Americans need a better way to evaluate the President’s health | Health and Fitness


Over the past century, White House physicians have repeatedly deceived the public about the health of the President. In April 1944, Franklin D. Roosevelt struggled with congestive heart failure, yet his physician, Admiral Ross McIntire, told the press the President simply had the flu. President Kennedy’s medical team obscured the presence of his Addison’s disease.

The current administration has doggedly refused to disclose the reasons for President Trump’s urgent trip to Walter Reed in November 2019, and over the last two weeks, Dr. Conley has repeatedly omitted or misrepresented key data concerning the medical status of the President.

Fortunately, the 25th Amendment provides for a potential alternative for the objective assessment of the fitness of the President, permitting “such other body as Congress may by law provide.” This week, in response to the President’s emergency hospitalization and his subsequent chaotic behavior, House Speaker Nancy Pelosi introduced a bill to create a Commission on Presidential Capacity to determine the ability of a President to fulfill the duties of the office.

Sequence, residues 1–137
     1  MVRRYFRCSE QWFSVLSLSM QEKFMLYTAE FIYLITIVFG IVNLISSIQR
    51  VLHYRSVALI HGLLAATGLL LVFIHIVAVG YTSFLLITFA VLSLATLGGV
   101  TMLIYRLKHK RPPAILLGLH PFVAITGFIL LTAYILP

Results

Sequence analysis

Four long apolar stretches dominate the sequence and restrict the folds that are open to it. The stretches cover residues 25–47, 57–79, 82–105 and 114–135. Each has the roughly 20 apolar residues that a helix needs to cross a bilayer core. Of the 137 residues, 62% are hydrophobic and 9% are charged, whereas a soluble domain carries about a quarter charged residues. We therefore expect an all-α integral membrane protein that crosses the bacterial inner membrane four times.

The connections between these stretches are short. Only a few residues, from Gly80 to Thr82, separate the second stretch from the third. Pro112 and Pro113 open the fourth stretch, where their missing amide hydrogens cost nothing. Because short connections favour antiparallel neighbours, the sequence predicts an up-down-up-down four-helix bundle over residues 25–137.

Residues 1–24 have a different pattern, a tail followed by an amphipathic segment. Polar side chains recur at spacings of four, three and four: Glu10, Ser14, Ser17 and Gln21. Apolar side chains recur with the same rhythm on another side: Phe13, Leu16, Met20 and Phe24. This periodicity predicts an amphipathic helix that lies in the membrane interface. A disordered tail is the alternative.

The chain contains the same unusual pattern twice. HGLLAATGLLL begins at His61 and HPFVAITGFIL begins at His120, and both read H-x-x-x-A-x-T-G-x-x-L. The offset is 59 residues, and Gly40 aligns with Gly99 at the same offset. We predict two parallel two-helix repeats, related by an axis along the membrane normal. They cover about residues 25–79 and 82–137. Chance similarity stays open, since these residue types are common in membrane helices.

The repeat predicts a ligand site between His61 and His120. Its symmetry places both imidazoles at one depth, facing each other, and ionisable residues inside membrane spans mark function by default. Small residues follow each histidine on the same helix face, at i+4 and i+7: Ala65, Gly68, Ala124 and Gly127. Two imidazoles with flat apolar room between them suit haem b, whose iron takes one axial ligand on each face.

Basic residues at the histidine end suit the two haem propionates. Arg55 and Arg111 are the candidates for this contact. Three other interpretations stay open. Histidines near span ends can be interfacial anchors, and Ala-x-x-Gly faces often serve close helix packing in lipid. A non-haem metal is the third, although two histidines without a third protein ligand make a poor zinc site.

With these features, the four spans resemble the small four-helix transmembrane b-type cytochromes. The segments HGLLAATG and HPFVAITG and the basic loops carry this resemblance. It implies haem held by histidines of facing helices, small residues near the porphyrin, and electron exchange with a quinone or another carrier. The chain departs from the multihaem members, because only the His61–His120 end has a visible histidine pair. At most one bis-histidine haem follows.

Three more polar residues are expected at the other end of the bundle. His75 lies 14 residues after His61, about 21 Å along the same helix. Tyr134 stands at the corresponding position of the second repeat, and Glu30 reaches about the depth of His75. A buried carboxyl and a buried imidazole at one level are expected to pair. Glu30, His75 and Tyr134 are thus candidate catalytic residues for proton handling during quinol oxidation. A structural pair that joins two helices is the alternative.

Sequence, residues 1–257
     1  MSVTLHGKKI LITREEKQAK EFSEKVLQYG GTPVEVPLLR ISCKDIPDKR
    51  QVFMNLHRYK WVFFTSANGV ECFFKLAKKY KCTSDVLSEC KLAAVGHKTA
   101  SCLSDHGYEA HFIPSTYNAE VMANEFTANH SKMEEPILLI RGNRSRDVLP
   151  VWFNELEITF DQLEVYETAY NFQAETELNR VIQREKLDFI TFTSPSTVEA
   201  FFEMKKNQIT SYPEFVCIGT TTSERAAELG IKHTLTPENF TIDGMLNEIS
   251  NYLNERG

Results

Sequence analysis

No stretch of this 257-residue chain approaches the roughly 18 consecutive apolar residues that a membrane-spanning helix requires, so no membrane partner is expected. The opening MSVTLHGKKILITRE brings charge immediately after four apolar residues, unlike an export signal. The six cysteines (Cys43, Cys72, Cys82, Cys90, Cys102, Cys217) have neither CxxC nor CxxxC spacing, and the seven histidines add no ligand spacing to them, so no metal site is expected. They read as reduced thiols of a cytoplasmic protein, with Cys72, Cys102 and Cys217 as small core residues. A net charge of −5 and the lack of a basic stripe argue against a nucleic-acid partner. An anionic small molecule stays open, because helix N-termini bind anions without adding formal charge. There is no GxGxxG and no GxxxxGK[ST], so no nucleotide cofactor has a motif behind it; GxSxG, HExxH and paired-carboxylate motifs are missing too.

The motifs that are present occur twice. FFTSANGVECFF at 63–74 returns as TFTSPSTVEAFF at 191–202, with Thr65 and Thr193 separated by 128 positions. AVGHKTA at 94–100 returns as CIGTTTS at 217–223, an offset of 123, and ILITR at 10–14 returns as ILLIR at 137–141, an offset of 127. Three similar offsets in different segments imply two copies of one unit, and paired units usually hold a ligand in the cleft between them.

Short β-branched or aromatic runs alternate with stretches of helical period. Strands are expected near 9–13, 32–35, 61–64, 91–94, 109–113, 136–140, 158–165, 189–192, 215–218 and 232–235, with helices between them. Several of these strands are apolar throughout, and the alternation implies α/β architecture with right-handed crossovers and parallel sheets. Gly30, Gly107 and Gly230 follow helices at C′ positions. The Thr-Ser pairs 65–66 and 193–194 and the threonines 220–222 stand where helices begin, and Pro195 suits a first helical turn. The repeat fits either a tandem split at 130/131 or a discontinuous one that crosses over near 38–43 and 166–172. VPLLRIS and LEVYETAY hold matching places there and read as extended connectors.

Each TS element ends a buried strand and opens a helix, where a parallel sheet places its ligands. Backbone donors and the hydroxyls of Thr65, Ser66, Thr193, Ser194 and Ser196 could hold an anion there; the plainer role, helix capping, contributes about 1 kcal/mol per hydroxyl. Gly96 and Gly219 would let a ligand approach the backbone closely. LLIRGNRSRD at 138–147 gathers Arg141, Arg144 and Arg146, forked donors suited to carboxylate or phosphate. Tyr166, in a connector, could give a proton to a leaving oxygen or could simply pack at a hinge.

Airline pilots are required to undergo periodic evaluations by certified examiners. So are school bus drivers and Secret Service agents and many other individuals whose job performance is critical to public safety.

The President of the United States commands the most powerful military in the history of the world and has the singular capacity to launch a nuclear strike. Shouldn’t the American people have confidence that their President is well, and if he or she is not, shouldn’t there be a reliable way to assess presidential fitness and have a secure path to succession?

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